At the end of the treatment period, a higher percentage of neutrophils was found in male HD group (31.42 %) when compared to the C group (24.19 %). The value is still in the range of our historical C data. At the end of the recovery period, the difference in neutrophil percentage was slightly and non-significantly remaining. A very slight increase in the percentage of neutrophils was also observed in the female HD animals at the end of the treatment period (HD: 26.48 %; C: 20.94 %). Again, the value is still in the range of our historical C values. In female recovery HD animals the percentage of neutrophils is strongly decreased (20.7 %) when compared with the C mean value (38.75 %) at the end of the recovery period. However, this belongs to a very high value of C animal No. 91. Taken this female animal out of the calculation, no further difference in the percentage of neutrophils at the end of the recovery period could be observed. Furthermore, due to clotted blood samples, only 2 animals of females in the HD recovery group could be evaluated.
These slight changes in the percentage of neutrophil cells are not clearly assumed to be test item related and are not assumed to be of toxicological relevance – due to the mild characteristics.
No difference could be found for parameters of coagulation in the treatment groups when compared to the C group.

Clinical Biochemistry
At the end of the treatment period, the amount of iron found in serum of male HD group was significantly (p<0.05) increased indicating an absorption of the test item through intestinal barriers. As a consequence, the transferrin saturation was significantly (p<0.05) increased, too. At the end of the recovery period, no further difference could be found regarding iron content of transferring saturation when comparing C or HD group. Again, in female animals amount of iron, found in serum, was significantly increased for HD group.
A significant change could not be mentioned for the transferring saturation of female HD animals which can be explained by relatively high transferring saturation of the main C animals. At the end of the recovery period, all changes found after the treatment period could not be found again indicating clearance via liver or kidneys. The increased amount of iron, due to absorption though intestinal barriers, is not assumed to be test item related.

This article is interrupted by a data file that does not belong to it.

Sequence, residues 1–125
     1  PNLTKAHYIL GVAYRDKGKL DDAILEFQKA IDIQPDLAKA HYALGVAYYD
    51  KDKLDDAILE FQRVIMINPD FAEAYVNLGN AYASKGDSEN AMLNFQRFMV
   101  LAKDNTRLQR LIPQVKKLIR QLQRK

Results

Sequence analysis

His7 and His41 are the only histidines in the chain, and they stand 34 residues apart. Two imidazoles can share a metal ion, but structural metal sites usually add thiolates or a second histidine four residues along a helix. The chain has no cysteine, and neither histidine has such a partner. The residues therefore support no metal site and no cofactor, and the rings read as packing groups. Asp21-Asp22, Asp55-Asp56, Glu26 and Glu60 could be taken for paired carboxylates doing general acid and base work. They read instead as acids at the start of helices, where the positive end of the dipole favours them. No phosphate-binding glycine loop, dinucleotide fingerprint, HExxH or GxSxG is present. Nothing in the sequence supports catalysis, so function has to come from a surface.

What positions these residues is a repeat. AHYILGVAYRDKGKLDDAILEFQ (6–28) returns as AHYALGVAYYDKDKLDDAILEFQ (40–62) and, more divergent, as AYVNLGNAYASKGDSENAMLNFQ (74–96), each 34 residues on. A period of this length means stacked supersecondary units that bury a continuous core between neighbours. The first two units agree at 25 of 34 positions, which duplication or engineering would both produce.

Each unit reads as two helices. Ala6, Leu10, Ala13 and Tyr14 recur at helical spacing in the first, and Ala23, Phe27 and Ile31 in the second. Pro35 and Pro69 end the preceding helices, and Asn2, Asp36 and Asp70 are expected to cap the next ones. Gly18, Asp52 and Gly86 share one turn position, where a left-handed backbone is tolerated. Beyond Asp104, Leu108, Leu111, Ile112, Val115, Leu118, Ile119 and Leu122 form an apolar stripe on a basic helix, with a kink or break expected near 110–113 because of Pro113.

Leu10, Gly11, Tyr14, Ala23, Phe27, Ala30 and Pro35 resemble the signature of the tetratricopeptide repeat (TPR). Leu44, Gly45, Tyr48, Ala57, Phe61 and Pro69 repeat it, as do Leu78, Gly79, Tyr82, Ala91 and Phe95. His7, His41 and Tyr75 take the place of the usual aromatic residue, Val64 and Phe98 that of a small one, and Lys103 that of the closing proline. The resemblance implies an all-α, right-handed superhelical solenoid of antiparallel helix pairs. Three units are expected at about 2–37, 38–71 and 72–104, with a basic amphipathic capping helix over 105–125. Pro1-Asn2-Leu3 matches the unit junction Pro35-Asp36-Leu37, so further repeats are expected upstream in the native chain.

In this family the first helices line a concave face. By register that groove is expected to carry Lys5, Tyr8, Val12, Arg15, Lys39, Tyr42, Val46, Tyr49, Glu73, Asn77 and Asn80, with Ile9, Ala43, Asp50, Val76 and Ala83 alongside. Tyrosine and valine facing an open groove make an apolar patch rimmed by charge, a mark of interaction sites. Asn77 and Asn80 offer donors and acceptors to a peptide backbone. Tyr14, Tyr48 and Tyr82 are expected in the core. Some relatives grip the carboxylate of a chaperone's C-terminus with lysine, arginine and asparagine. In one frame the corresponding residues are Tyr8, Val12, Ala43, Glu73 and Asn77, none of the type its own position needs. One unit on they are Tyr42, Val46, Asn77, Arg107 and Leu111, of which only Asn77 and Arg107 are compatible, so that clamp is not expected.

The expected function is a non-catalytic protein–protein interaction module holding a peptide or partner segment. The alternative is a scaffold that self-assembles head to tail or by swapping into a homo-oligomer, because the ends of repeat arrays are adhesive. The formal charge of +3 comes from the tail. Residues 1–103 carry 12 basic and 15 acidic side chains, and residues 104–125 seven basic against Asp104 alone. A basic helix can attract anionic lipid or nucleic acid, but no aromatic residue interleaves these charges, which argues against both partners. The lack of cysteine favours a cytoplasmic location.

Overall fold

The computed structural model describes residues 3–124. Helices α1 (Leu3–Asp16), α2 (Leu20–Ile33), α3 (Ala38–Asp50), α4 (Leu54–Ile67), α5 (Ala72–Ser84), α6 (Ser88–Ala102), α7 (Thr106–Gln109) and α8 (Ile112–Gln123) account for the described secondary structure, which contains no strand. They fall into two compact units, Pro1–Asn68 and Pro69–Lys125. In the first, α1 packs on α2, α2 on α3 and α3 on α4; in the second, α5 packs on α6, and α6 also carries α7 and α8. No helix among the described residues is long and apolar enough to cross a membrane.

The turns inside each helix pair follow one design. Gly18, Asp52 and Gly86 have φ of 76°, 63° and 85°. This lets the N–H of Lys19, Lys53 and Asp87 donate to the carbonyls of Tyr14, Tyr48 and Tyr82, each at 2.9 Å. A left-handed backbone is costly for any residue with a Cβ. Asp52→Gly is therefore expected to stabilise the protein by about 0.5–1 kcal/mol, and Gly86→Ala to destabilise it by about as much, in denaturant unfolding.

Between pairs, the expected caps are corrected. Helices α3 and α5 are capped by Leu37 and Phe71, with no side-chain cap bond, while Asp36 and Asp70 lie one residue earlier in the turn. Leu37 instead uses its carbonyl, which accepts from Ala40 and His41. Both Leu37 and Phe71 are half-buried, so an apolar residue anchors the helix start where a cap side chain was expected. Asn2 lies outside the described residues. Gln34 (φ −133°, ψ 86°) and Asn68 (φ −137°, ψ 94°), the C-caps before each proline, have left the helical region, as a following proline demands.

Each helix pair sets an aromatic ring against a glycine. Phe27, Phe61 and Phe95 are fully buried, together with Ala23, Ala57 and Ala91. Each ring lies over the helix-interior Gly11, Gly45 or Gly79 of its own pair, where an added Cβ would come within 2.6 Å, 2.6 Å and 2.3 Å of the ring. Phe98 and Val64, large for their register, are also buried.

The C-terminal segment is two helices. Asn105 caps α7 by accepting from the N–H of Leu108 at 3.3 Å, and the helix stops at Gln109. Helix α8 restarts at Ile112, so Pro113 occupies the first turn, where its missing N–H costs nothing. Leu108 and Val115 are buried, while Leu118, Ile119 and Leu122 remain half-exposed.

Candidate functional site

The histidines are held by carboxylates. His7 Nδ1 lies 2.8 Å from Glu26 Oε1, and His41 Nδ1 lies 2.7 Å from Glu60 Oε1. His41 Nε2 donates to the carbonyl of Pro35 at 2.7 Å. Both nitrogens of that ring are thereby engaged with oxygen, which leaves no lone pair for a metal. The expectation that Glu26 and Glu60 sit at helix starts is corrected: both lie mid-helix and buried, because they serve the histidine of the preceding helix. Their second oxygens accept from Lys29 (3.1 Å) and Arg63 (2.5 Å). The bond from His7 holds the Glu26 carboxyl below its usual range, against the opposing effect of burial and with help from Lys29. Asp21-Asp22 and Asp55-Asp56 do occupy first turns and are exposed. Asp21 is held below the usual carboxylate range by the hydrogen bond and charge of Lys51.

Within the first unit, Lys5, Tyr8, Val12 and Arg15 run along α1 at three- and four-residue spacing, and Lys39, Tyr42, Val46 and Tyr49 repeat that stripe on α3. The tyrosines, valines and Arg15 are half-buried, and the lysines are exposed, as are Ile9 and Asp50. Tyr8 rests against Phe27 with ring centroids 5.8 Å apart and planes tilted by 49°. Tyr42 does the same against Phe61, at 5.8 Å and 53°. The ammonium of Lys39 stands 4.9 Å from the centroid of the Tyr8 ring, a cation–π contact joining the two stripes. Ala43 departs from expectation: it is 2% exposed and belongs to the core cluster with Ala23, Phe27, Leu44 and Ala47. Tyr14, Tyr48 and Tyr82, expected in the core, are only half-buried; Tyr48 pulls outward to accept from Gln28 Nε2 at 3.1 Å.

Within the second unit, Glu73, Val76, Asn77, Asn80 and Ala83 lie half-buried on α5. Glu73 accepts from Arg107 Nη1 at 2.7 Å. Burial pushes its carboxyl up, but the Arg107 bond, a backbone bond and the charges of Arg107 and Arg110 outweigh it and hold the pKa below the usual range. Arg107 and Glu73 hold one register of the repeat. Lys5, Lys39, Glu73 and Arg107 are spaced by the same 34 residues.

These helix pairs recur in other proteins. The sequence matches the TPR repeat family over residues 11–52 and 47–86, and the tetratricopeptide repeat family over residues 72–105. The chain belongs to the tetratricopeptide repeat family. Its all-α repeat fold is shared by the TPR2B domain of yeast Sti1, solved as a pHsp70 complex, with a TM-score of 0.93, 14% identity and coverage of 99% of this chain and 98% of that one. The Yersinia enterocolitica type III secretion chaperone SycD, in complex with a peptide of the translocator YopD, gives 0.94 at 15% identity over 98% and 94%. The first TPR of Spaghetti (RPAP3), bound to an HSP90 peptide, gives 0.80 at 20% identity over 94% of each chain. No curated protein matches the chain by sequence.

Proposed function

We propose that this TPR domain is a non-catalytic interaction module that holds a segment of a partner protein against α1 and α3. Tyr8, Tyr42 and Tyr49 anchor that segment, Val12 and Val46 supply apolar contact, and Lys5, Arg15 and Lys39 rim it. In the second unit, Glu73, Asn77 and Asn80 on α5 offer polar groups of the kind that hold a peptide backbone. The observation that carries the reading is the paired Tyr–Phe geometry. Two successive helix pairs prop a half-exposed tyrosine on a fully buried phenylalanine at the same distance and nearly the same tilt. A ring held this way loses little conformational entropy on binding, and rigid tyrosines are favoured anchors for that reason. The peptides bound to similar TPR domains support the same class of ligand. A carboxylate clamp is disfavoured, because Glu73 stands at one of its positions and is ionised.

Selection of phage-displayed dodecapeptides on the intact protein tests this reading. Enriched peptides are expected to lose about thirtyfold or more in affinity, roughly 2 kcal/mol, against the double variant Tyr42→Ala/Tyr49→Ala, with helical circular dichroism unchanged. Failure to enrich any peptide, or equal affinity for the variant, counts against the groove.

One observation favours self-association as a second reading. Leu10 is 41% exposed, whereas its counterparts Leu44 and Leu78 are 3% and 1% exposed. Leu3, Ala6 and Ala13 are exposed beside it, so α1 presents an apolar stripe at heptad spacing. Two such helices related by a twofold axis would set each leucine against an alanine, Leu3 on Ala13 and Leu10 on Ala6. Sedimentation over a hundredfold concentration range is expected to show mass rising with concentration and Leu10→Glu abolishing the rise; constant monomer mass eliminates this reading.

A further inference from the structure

A toxicological relevance of the increased amount of iron as well as the increased transferring saturation cannot be considered within the duration of this study. In principal, iron deposition may lead e.g. to formation of reactive oxygen species leading to lipid peroxidation, protein oxidation and liver fibrosis. However, within this study neither histopathology nor clinical biochemistry or organ weights revealed toxic effect of the increase amount of iron.
All other parameters of clinical chemistry of male animals were within the normal range of variation for this strain and any slight changes between C and treatment groups – even when statistically significant like Urea in HD group or Glucose in MD group - are not assumed to be of biological relevance.
Values of AP of female animals at the end of the application period were increased in MD and HD group and the difference of MD vs C group was statistically significant. In particular, 36.3 U/L (C), 62.0 U/L (MD), and 49.8 U/L were found. The value of the MD group was slightly above to what could be expected regarding our historical C data. However, since no dose dependency was found, since the HD value is in the range of our historical C data, and since during the recovery period this increased AP amount recovered totally, this increase - although possibly test item related - is not assumed to be of toxicological relevance within this study.
Values of TBA of female animals were increased at the end of the application period for MD (51.17 U/L) and HD (54.06 U/L) group when compared to C group (27.64 U/L). However, the variation within the groups was relatively high and hence no test item related influence could be clearly mentioned.